As a kid growing up in Tamworth, all Benson Saulo wanted to do was skateboard and play rugby for the Wallabies one day.
However, Mr Saulo’s dreams took a turn when his local ANZ branch took him on board as a trainee at the mere age of 15.
“It changed my perspective on the possibilities,” he told NITV News.
“It opened my eyes up to the corporate world and the finance sector, which a lot of our people have been excluded from or uninvolved in.”
Forging an impressive career path in both the private and not-for-profit sectors, Mr Saulo went on to hold senior roles at Australian Unity, ANZ, Good Shepherd Microfinance and PwC Indigenous Consulting.
Yet he “never imagined” representing Australia on a stage this big, he said.
At 32, Mr Saulo has become the first Indigenous Australian to be appointed a Consul-General.
His new role will be based in Houston, Texas. It's the hometown of George Floyd, a black man whose death at the hands of police on 25 May sparked international outrage and protests against police brutality towards black people.
Here in Australia, the Black Lives Matter rallies put a spotlight on the 437 Indigenous deaths in custody since 1991.
“The importance of the timing of my deployment is something I don’t take lightly, and being the first Indigenous person in any context, you’re kind of breaking in a new ground, stepping in a new territory,” Mr Saulo said.
Mr Saulo believes his appointment is largely owed to the preceding First Nations peoples who’ve worked in different parts of the Department of Foreign Affairs and Trade.
“I know that the people who came before me have made my trek and my journey possible, and I just hope to be able to pass that on for other people as well,” he said.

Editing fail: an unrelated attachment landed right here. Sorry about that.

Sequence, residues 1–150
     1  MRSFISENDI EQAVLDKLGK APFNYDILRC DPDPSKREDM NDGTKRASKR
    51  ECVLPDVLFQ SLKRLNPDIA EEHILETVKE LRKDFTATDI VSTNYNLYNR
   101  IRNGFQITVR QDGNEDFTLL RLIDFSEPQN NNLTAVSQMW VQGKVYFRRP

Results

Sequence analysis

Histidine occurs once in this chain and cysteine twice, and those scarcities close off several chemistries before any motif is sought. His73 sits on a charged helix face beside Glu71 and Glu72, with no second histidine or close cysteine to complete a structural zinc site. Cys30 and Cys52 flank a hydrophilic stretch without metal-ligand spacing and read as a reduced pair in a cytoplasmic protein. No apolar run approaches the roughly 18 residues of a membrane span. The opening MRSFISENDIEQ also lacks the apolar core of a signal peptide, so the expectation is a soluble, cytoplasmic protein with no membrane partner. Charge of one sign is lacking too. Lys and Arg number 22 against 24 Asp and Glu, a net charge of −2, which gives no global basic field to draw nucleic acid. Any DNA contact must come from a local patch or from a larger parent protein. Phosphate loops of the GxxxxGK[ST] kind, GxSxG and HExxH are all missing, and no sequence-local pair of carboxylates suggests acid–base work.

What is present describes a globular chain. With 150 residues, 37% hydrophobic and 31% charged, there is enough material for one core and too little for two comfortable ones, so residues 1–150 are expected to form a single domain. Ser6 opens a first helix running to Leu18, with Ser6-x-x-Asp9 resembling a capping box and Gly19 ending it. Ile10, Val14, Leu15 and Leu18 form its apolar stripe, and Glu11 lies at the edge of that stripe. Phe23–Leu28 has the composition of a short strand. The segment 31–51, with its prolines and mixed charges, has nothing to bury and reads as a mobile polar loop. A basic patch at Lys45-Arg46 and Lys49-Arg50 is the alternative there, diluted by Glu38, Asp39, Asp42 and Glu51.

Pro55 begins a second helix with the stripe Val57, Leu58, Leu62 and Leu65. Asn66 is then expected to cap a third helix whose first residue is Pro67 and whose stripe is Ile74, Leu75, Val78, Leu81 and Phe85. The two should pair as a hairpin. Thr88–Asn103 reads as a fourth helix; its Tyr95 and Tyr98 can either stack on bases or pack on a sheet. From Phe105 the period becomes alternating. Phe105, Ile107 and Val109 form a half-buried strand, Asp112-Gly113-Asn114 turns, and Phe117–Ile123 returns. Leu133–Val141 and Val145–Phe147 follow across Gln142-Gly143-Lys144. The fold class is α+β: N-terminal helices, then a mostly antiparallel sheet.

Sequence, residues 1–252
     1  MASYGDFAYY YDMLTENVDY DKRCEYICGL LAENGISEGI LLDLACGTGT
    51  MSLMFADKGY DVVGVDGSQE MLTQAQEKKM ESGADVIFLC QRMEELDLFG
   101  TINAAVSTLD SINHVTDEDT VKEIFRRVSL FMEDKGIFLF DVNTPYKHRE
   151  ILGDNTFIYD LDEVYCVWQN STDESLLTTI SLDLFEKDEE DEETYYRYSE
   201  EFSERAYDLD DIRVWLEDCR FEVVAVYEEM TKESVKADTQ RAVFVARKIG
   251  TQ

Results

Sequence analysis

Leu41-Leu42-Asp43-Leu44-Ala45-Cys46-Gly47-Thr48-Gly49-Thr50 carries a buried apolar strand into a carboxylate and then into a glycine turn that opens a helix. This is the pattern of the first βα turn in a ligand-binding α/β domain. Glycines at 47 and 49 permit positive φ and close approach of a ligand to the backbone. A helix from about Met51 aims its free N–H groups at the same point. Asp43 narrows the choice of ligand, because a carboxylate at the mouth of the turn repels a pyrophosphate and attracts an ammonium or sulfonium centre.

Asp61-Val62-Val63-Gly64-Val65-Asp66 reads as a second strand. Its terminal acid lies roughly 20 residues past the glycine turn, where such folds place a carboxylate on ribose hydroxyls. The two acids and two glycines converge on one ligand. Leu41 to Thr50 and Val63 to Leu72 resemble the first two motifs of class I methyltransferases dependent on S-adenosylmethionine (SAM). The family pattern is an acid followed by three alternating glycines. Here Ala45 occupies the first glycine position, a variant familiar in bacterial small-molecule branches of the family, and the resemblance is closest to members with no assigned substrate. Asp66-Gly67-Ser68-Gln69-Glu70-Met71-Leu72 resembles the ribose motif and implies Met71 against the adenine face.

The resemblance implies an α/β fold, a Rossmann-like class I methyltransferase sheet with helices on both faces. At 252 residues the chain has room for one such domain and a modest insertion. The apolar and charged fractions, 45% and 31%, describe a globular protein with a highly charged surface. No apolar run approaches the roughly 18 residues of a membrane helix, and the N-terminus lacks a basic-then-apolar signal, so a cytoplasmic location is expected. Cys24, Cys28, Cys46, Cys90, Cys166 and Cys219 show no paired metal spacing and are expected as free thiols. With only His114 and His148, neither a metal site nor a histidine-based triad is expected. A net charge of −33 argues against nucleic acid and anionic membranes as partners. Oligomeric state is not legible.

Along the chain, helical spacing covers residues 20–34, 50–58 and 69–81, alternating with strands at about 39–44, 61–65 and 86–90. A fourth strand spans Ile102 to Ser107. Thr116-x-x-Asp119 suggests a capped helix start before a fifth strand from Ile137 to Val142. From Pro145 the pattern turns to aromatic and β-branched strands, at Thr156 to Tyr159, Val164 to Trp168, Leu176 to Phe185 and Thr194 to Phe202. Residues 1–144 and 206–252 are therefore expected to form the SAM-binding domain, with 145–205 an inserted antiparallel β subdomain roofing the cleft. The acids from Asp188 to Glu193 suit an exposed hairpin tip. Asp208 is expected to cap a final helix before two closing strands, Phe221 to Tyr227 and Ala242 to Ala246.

Through his new role, Mr Saulo is hoping to share his culture, connect First Nations people around the world and call attention to the global Indigenous economy.
“Over the last few years, I’ve been focused on how to shift finance from being transactional to being built more around relationships and impact.
“We know that Indigenous businesses are more likely to employ Indigenous people, they’re more likely to reinvest back into the community and so I think of it as an equation of impact.”
Mr Saulo believes that by building connections across borders and boundaries that support and invest in Indigenous businesses, “we’re going to see a significant shift in the outcomes of our people.”
He also hopes to bring people of different opinions, cultures and backgrounds together to have respectful and informed conversations.
While Mr Saulo’s parents came from humble beginnings, his father always told him never to think the world wasn’t his.
“My mother grew up in a tin shed with dirt floors on the outskirts of Bordertown in South Australia, and my father grew up in a remote village on an island in Papua New Guinea.”
In one generation, Mr Saulo said, “they’re seeing tangible change to attitudes, to society, to people in their own family through the achievements and opportunities I’ve been able to pursue”.
Despite being incredibly proud of her son, Mr Saulo’s mother has her concerns about his three-year post in Texas.
“She’s worried her 7-month-old granddaughter is going to come back with a Texan accent."